Minding Children: Managing Men: Conflict and Compromise in the Lives of Postwar Pakeha Women
Bridget Williams Books, Wellington, 1992, $34.95
Did Pakeha women after the Second World War happily retreat into their home – tying on their aprons, rearing their children, supporting their men and baking their scones in houses on quarter-acre sections? According to Helen May, they often had a contradictory and ambivalent response to suburban domesticity. Many resented restrictions on their independence and personal fulfillment. At the same time they tried to place the interests of their children and their husbands before their own. Some experienced physical and mental abuse. Like women today, some juggled paid work and mothering. Others, critical of the lack of support available for women giving birth and bringing up children, worked in organisations like Parents Centre, the Housewives Association and Play Centre – collective responses to the challenges they faced as mothers.
But this book does not just question some of the myths about these women. It also looks at the experiences of Pakeha women rearing children in the 1970s and focuses on continuities and discontinuities between their lives and those of mothers in the 1950s.
The author’s desire to understand her own life better has pushed her to look at the histories of twenty-five other women spanning two generations. The book sets their lives in the context of shifting understandings of what it has meant to be a mother in the years since the Second World War. Interviews are combined with extracts from the New Zealand Woman’s Weekly, the New Zealand Listener and various other sources. The result is an amalgam of interview material and photographs, quotations from advice columns, feature articles, letters to the editor, headlines, advertisements and some attempts to generalize about the connections between these different pieces of text.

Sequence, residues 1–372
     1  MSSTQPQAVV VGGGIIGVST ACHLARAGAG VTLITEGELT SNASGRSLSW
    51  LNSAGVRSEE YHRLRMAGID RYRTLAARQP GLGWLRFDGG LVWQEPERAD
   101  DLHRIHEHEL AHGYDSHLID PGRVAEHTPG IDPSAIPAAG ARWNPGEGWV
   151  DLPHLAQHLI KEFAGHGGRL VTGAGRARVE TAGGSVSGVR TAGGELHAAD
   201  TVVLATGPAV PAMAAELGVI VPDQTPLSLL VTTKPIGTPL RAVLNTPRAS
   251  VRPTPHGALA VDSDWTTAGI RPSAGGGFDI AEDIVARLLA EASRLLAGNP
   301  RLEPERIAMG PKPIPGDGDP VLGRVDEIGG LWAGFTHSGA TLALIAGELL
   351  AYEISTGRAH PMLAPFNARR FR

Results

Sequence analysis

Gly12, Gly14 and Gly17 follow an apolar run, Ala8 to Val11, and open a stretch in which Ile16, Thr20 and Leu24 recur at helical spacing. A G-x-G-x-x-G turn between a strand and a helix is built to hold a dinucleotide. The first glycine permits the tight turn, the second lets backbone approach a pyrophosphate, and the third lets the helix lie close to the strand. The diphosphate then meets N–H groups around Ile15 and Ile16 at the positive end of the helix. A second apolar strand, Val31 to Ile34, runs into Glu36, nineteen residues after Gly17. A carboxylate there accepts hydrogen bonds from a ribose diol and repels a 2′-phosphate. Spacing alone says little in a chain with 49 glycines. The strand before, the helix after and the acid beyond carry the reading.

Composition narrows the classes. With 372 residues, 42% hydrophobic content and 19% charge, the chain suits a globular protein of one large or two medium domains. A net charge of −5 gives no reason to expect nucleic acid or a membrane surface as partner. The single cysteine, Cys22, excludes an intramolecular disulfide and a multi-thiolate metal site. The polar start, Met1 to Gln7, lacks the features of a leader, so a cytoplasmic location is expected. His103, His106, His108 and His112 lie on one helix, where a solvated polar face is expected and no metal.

The book’s strengths are also its weaknesses. The personal style draws the reader into the text. We see photos of Helen, her mother, her grandmother, great-grandmother and her children; we read about her own biography. Given Helen’s location as a Pakeha woman in her forties, the focus is understandably on Pakeha heterosexual women, but the experience of other groups remains invisible. Their stories are still to be written.
While this book looks at the experience of two generations of Pakeha women, it does so through the prism of issues confronting younger people now. It will be interesting to see how women who reared children in the 1950s respond to Helen May’s analysis of their lives. Books like this also prompt speculation about how women of our daughters’ generation might interpret the lives of those of us who brought up children in the 1970s against the background of contemporary feminism. And how will Helen May and I respond when our lives are analysed through the eyes of this new generation?
Rosemary Du Plessis teaches Sociology and Feminist Studies at the University of Canterbury.